TNOYS hosted our 36th Annual Conference for Services to Youth and Families in Houston last month and was excited to see how enthusiastically attendees embraced this year’s theme of “Stepping Into Your Superpower.” Inspired by a variety of expert speakers and interactive workshops, attendees of all ages and backgrounds worked together to strengthen their skills and discover their own unique talents in an effort to create the best future for Texas’ youth.
As always, the event offered a mix of the latest research- and evidence-based information youth services professionals need to best serve the youth they work with, as well as inspirational speakers and activities to re-energize their commitment to this important work. For the third year in a row, TNOYS invited youth to participate in the conference alongside professionals, providing real-life experience in elevating youth voice and building youth-adult partnerships. Engaging youth in this way is an approach that is proven to strengthen services and improve outcomes. Click here to read the perspectives of two young adults who participated in this year’s conference.
The two-and-a-half day event kicked off on Tuesday, June 25 with two day-long pre-conference institutes on Trust-Based Relational Intervention (TBRI), a holistic, evidence-based, multi-systemic, attachment-based, and trauma-informed intervention designed to meet the complex needs of vulnerable children. One session provided a general introduction to the approach, while another focused on how it can be used to serve survivors of trafficking. The sessions were so popular that both reached full capacity weeks in advance and had 200 total attendees.
The full conference kicked off on Wednesday, June 26 with an energizing keynote session by Super Bowl champion and motivational speaker Spencer Tillman, who helped the crowd understand the value of teamwork. Youth and professionals then attended separate workshop tracks with information tailored to their unique needs. Youth learned valuable skills such as building resumes based on their lived experience and financial planning. Professionals participated in their choice of workshops on important topics such as fundraising, youth trafficking, and youth-adult partnerships and then came together for a general session featuring Frank Kros, a neuroscience expert and child advocate. Kros shared the science behind how a youth’s mind works and how to use this knowledge to help them build resilience.
The second full day of the conference opened with an inspirational keynote by trafficking survivor and advocate Alyssa Beck, who shared her personal story and encouraged the crowd to discard labels and think of solutions to fight trafficking in their own communities. The crowd was also entertained and energized with a special superhero-themed step routine by the men of the Zeta Zeta chapter of Phi Beta Sigma Fraternity.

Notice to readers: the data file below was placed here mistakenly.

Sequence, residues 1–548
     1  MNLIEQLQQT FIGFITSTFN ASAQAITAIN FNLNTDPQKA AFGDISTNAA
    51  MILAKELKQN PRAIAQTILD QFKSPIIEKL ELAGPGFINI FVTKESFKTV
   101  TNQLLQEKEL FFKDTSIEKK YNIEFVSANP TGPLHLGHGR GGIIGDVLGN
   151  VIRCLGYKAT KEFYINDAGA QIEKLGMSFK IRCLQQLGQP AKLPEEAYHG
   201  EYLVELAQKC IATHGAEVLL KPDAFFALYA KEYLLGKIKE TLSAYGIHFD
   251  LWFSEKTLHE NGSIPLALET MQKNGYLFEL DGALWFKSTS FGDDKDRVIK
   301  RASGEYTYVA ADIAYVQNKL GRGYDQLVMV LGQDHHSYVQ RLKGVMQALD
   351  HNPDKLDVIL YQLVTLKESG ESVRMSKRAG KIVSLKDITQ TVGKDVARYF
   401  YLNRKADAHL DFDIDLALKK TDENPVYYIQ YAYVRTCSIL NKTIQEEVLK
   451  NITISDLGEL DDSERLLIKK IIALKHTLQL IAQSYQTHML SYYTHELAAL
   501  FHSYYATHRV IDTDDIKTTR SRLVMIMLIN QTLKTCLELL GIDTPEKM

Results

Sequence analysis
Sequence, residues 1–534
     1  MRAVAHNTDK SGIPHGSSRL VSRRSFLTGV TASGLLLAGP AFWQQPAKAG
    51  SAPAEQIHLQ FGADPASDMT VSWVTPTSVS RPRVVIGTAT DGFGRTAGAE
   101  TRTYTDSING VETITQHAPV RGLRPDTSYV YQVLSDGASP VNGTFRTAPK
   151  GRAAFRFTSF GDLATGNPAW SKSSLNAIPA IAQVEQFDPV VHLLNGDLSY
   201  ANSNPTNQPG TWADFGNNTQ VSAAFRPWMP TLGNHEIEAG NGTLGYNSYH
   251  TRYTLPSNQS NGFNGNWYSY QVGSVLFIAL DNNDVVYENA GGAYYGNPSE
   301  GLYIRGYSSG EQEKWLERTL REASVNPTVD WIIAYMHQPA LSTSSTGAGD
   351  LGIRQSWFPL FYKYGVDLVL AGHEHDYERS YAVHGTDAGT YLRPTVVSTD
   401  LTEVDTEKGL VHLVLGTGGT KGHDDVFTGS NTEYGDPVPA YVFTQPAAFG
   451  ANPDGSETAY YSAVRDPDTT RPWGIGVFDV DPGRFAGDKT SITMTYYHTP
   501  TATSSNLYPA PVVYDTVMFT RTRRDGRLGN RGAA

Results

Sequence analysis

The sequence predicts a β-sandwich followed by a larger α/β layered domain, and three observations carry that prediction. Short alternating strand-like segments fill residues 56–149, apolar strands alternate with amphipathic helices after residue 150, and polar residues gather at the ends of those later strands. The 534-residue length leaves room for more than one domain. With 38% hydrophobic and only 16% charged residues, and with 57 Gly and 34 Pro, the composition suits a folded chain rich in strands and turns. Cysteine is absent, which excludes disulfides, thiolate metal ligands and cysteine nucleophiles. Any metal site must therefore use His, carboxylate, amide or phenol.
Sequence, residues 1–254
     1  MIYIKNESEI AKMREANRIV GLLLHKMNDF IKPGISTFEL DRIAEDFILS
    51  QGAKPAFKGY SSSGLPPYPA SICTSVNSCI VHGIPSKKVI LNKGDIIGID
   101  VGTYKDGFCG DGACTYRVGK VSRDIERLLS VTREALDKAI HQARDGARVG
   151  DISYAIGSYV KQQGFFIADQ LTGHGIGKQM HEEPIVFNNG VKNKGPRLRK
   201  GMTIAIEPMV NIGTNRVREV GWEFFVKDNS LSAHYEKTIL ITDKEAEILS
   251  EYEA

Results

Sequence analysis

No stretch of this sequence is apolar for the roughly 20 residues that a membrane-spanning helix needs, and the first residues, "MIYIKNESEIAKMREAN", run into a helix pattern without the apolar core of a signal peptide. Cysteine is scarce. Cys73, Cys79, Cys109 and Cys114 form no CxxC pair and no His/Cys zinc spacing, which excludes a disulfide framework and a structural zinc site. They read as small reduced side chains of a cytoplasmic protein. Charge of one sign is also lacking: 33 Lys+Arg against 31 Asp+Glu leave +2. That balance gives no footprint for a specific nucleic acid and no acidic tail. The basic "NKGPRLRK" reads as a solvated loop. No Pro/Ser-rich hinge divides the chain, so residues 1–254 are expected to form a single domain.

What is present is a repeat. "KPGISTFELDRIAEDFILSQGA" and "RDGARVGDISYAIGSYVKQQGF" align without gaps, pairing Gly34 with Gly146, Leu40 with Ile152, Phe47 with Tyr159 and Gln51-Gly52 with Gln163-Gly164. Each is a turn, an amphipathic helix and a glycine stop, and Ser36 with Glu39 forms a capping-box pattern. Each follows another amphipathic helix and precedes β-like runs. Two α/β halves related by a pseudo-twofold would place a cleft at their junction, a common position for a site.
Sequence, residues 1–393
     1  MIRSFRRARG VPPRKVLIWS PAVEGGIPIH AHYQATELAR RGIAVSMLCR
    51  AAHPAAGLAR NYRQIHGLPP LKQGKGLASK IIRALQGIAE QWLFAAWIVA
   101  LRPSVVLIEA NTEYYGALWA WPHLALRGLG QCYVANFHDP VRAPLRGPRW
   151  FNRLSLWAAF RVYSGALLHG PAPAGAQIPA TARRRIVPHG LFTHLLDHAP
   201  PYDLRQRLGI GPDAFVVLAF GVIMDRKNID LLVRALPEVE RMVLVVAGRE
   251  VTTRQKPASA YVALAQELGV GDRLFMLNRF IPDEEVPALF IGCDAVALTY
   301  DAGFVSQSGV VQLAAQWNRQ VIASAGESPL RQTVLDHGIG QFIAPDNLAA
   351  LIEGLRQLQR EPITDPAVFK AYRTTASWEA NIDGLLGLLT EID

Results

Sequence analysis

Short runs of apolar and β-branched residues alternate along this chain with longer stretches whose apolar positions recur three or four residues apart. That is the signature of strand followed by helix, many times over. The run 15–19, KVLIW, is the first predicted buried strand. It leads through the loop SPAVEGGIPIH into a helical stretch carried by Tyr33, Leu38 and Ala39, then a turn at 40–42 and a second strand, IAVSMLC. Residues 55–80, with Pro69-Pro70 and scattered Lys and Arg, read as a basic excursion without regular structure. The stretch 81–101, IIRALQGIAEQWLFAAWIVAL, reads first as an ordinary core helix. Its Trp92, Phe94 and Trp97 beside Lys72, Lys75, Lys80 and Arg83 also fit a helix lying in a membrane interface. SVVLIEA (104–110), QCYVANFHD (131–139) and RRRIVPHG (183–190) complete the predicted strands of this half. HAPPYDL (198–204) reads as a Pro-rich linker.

The three workshop sessions that day were open to youth and professionals, allowing them to learn from both the expert presenters and each other about important topics such as equity and special populations, personal and professional development, public policy, and more. The full group came together again for a seated lunch and TNOYS’ annual award presentation. During the awards ceremony, attendees heard about the impressive work of each of the award winners, then watched as they were presented with their own superhero cape and shared a few words of thanks and inspiration for the crowd. This year’s award winners were:
- June Bucy Award for Excellence: Stacy Johnson, Central Texas Table of Grace
- Steve Wick Innovative Program: Roy Maas Youth Alternatives, Centro Seguro
- Professional Youth Worker: Chris Lopez, THRU Project
- Outstanding Youth Partner: Justin “Prince” Hayward
- Volunteer of the Year, Webb Crunk, Houston reVision
- Distinguished Leadership Award: Texas State Representative James White
The conference wrapped up on the final day with another sessions of workshops and a closing keynote featuring spoken word artist Marlon Lizama and Chief of the Houston Police Department Art Acevedo. Acevedo shared his belief in the power of “community policing” and was an important point to end the conference on, as the role of the criminal justice system in the lives of youth was a recurring topic throughout many of the conference workshops and sessions.
This year’s conference was attended by professionals from a variety of systems that serve youth, including education, justice, and mental health. This diversity among attendees underscores the importance of serving youth across the continuum of care and TNOYS is encouraged to see that so many different types of professionals came together to learn from each other and gain skills that will better enable them to serve the youth in their care. We hope that each and every attendee left feeling empowered and encouraged to harness their own superpowers in their work and lives!